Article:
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Unread 02-18-2019, 04:11 PM
Jim Moonan Jim Moonan is offline
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Default Nora

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Nora
Like most children’s bedtime stories this is meant to be read aloud, with feeling, and time taken to examine the pictures closely to help children visualize what they are hearing.

Preface

This is a bedtime story about a girl named Nora. Nora was my babysitter when I was seven years old.

It is a true story, mostly. I’ll tell you at the end which parts are true and which parts I made up.


……………………………………………………………………………..


Chapter One
We Find a New Babysitter


(OPENING ARTWORK: DOUBLE PAGE OF A HOUSE AND FRONT YARD WITH FLOWERING TREES AND GARDEN IN FULL BLOOM ON A BEAUTIFUL DAY)

One Friday in May -- I remember it was around my birthday, May 17th -- my mother said to my father, “Let’s go out to eat -- Alone. Together.”

She called her best friend, Peggy.
“Hi Peggy. This is Dorothy. I was wondering. Do you know anyone who could babysit the children while Bob and I go out to eat, alone, together?”

Peggy replied, “Why yes I do! Her name is Nora and her telephone number is 1-2-3-4-5-6-7”

(ARTWORK: SPLIT IMAGE OF MOTHER ON THE TELEPHONE WITH PEGGY)

So my mom called 1-2-3-4-5-6-7 and a woman answered telephone.
“Hello”, the woman said
“Hello!” My Mom said, I’d like to speak to Nora, please.”
And the woman replied, “I am she.”

“Oh! This is Dorothy. My best friend Peggy said that maybe you could babysit the children for my husband and I while we go out to eat. Alone. Together.”
“Why, I’d be happy to!” Nora said
“I’ll pick you up at seven”, said my mother.

And she did. And when she brought Nora home to our house my brothers and sisters and I could hardly believe our eyes!
Nora had hair that shot straight up in the air, so high, then fell down her back until it touched the ground. And her hands looked glued to her hips. And her elbows stuck out. And I looked down at her feet and her shoes were pointed and curled up at the toes!

(ARTWORK: PORTRAIT OF NORA)

Then, all of a sudden, I got this lump in my throat.
“Nora, do you think I could say goodbye to my Mom and Dad?” I said, choking back tears.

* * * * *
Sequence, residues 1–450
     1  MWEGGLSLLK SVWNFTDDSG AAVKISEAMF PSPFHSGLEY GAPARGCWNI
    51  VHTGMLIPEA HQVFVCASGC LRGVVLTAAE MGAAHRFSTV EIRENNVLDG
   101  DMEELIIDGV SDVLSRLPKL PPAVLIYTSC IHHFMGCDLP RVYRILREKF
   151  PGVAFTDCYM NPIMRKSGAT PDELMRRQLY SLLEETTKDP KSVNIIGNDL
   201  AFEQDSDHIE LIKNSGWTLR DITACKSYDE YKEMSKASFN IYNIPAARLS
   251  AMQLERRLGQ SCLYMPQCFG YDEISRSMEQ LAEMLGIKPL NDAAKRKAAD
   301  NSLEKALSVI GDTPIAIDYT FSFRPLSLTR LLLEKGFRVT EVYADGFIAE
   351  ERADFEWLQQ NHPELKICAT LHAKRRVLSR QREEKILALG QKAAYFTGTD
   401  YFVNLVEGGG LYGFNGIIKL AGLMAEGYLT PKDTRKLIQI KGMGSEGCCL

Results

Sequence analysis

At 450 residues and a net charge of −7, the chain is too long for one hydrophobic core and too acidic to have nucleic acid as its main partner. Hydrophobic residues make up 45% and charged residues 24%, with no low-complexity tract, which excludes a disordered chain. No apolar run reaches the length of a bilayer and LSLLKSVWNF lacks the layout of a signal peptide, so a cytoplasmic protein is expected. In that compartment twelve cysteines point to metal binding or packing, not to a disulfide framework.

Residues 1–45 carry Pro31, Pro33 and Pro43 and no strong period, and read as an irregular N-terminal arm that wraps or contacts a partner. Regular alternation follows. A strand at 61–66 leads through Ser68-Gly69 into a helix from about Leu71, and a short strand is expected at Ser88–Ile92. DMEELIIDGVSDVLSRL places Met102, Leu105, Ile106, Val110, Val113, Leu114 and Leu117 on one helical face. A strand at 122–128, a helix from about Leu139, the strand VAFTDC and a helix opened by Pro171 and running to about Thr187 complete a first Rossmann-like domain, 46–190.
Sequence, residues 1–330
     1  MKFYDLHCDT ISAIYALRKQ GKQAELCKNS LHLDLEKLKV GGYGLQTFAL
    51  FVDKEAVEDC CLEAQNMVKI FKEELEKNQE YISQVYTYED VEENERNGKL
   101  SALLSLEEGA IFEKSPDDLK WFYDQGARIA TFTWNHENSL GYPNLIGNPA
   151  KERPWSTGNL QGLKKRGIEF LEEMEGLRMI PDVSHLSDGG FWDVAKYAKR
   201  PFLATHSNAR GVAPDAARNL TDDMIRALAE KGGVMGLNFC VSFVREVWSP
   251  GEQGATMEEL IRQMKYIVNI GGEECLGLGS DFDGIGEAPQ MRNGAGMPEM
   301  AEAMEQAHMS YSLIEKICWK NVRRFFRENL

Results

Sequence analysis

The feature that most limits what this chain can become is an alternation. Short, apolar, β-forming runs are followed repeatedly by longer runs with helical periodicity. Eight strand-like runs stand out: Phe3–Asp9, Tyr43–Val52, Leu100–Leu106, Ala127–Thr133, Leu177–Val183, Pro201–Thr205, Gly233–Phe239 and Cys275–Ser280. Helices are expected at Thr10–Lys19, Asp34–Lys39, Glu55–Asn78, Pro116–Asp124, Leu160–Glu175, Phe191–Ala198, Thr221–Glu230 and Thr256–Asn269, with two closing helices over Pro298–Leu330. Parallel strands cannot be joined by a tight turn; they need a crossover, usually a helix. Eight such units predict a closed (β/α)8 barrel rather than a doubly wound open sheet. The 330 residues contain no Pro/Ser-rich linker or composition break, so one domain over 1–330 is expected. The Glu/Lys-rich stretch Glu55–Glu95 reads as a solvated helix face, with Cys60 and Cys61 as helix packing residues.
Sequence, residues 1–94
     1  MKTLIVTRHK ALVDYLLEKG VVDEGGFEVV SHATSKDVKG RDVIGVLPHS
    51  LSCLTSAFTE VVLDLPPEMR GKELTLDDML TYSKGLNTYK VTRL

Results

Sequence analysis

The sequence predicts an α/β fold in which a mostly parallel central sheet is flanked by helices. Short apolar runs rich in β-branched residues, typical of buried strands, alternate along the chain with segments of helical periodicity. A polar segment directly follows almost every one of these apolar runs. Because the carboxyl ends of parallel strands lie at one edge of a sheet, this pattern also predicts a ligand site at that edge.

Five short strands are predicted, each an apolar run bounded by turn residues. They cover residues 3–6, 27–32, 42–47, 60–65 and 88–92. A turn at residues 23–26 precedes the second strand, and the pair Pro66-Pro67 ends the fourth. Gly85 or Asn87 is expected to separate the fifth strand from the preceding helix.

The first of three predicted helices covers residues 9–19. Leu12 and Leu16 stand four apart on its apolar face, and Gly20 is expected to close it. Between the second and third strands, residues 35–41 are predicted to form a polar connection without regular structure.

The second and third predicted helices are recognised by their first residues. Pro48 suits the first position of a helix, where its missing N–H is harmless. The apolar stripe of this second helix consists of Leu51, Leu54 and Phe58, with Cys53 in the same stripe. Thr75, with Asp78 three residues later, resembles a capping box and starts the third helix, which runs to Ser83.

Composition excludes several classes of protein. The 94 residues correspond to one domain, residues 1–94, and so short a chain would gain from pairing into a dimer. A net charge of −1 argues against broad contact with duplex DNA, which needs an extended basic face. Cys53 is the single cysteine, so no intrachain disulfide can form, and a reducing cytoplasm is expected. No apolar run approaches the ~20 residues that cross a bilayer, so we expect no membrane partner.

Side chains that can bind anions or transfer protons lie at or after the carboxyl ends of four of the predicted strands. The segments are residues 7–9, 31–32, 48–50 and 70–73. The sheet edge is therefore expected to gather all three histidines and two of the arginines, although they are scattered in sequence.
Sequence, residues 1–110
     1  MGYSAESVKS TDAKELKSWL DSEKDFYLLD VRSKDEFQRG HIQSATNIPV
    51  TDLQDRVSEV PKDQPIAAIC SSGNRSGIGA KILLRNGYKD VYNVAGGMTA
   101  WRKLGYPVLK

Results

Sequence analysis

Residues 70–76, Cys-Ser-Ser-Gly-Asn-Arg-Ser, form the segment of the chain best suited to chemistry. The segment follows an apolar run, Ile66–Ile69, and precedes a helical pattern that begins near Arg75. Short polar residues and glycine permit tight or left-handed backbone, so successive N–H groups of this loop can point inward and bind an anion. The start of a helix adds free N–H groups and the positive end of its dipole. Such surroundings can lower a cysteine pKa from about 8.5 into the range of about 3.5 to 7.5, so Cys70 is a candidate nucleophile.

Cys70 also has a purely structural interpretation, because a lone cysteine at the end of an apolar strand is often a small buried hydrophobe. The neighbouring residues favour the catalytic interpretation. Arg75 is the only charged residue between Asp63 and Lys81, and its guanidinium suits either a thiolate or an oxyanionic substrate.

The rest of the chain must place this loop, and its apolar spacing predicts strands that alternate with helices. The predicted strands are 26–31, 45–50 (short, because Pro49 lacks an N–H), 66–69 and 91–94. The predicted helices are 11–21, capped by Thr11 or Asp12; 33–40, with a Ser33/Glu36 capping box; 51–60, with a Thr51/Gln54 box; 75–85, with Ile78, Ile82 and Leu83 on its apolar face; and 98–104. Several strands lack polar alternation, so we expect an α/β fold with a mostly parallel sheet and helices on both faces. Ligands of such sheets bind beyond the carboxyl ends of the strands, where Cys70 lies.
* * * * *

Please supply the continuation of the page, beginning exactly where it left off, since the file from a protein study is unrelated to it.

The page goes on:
And that’s when she said it.
“It’s too late, you little Cherub”.
I froze. She called me something no one had ever called me before. A Cherub! I wasn’t a Cherub! I was a CHILD! I didn’t even know what a Cherub was!

I turned and looked out the window and saw my Mom and Dad in the car! Backing out of the driveway!


……………………………………………………………………………..


Chapter Two
Nora Reveals Her Amazing Powers

But as it turned out Nora was a very nice person and a really good babysitter and we think she was a CRAYON ARTIST because she said to us, “Now you little Cherubs go get me all your crayons.”

So we ran around the house and got all our crayons. --We had about -- 90 -- But some were broken but they still worked perfectly fine, you know what I mean?

“Now you little Cherubs close your eyes.” Nora said.
So we closed our eyes and heard a very loud swooshing sound of wax on paper and, when we opened our eyes, Nora had hung crayon pictures on all the walls -- AND THE CEILING!

And we think she was PUZZLE WIZARD because she said, “Now you little Cherubs go get me all your puzzles.”
We thought to ourselves, Why does she keep calling us that?

So we ran around the house and got all of our puzzles. We had about -- 9 -- But some were missing pieces -- you know what I mean?

“Now you little Cherubs close your eyes!” Nora said.
So we closed our eyes and, when we opened them again, Nora had taken all nine puzzles…. And put them together INTO ONE PUZZLE!”

(ARTWORK: NORA, AND CHILDREN GATHERED WITH HUNDREDS OF CRAYON DRAWINGS TACKED TO THE WALLS AND CEILING AND NORA IN FRONT OF A LARGE COMPLETED PUZZLE WHOSE IMAGE IS INDISCERNIBLE)

Then Nora said, “Would you little Cherubs like a bedtime snack?” and took us upstairs to the kitchen, sat us down at the kitchen table and then on top of the table she put -- a plate...

Then on top of the plate she put a -- cracker.
Then on top of the cracker she put -- peanut butter.
Then on top of the peanut butter she put -- jelly.
Then on top of the jelly she put -- KETCHUP!
Then on top of the ketchup she put -- MUSTARD!
Then on top of the mustard she put -- MAYO!
Then on top of the mayo she put -- RELISH!